It’s not fair.
It’s a question that comes up a lot. “Pastor Dave, how can somebody on their deathbed, who’d lived their life however they want, ask Jesus to forgive them and then get into heaven? It’s not fair!”
No it’s not.
It’s not fair . . . to the person on their deathbed.
It’s not fair that they have had to endure whatever illness or injury has brought them to the moment of death without God.
It’s not fair that they have walked through life without the assurance that God is with them every moment.
It’s not fair that they have carried the burden of guilt for the things they have done and the things they have failed to do without knowing they are absolutely forgiven.
It’s not fair that they have not known the joy of the unconditional love of God.
When we say, ‘It’s not fair” that folks can realize their salvation at the last minute, we are misunderstanding and mischaracterizing what it means to be a follower of Christ.
“Oh my, what a terrible slog it is to walk the Christian path. I’ve had to do all this stuff for years upon years, and Last Minute Louie (or Louise) gets in at the last minute.”
What is it that is so terrible that you’ve had to do?
Is it so terrible to be supported and encouraged by a church family?
Is it so terrible to know you are a baptized Child of God, or to receive tangible forgiveness in communion?
Is it so terrible to know you are saved totally by God’s grace – by God’s undeserved gift of love, forgiveness, and salvation?
I don’t look back at the 15 or so years I was an unChristian atheist/agnostic and say, “That was the most wonderful time in my life! I could do anything I wanted.”
I look back at those years from my late teens to my early thirties and regret what I missed. I missed the presence of God, the assurance of forgiveness, the fellowship of believers, and on and on.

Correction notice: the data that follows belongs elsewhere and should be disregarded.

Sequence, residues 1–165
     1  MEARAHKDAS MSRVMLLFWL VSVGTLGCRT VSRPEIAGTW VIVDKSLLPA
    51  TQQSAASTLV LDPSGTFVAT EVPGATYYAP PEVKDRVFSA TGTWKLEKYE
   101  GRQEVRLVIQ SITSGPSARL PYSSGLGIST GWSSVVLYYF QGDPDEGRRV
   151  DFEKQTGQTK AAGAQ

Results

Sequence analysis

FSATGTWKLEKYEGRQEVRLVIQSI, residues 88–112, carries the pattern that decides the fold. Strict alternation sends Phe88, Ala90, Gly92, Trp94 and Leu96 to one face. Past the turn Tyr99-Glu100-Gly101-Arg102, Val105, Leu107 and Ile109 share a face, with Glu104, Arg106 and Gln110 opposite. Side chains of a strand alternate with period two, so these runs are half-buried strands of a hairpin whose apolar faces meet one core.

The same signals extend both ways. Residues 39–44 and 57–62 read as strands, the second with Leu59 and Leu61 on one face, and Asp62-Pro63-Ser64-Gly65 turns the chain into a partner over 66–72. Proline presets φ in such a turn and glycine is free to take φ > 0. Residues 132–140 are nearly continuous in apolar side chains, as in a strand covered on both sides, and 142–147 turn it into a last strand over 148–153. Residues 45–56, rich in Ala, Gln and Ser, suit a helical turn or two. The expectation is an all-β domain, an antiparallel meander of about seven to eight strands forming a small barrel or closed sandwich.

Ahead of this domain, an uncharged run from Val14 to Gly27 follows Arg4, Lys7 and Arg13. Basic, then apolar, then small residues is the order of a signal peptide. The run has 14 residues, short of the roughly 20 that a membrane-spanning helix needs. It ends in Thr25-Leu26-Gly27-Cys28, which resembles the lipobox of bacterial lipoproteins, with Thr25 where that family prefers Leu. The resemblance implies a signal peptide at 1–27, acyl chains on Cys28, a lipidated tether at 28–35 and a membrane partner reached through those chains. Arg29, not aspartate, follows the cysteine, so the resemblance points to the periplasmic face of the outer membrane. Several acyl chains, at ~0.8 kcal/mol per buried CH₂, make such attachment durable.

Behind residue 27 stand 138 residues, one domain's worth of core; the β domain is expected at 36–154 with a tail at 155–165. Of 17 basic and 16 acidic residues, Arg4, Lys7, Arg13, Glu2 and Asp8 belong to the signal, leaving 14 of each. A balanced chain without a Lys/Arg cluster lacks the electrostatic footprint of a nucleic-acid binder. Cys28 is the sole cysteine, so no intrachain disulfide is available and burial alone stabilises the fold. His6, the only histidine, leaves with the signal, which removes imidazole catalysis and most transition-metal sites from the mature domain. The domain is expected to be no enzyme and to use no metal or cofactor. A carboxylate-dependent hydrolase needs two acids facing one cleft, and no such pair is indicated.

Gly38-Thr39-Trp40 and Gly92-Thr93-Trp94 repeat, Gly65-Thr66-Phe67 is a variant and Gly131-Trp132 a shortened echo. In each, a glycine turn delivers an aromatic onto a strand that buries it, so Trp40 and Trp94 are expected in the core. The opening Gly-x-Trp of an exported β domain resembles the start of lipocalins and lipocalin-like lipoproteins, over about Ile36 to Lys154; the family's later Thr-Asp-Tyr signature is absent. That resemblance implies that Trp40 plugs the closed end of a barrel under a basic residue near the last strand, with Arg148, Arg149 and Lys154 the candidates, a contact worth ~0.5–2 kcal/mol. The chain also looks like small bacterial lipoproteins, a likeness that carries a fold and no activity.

When my dad died when I was 25, I had no hope of ever seeing him again.
When we say it is unfair for someone to recognize who Jesus is for them a the last moment, we reduce Christianity to a cosmic insurance policy that does not pay off until this life is done.
We diminish and even dismiss the benefits of being a follower of Christ in this life.
When we express or inwardly brood about someone “doing whatever they want” before they finally experience God’s love for them, we reduce the Christian life to a prison constructed of rules.
To follow Jesus is to experience freedom, the freedom to be the people God created us to be.
This concern about late and last-minute conversions is not new. Jesus told a parable about it – the Parable of the Laborers in the Vineyard. In the parable, workers who have labored all day complain when they are paid the same by a vineyard owner as those who only worked an hour. “It’s my vineyard,” the owner responds, “I paid you a day’s wage just like I promised. I can pay them the same if I want.”
Sometimes this parable is simply interpreted as a lesson about God’s sovereignty – God too can do what God wants. The world and the people in it are God’s, after all.
But there is more.
The workers who complained didn’t consider the benefits of working all day beyond the evening payoff.
They didn’t have to worry about whether they were going to find work that day.
They didn’t have to worry about whether they could feed their family that day.
They didn’t have to worry about shelter, clothes, and other needs that day.
The workers who were hired at the end of the day, although they received the same ultimate reward, had to endure this fundamental insecurity until they were hired at the last minute.
For whom were things that day the most “unfair?”
Folks sometimes ask, “If you can wait until the last minute to become a Christian, why not wait?”
Sure you can wait.
But why would you want to?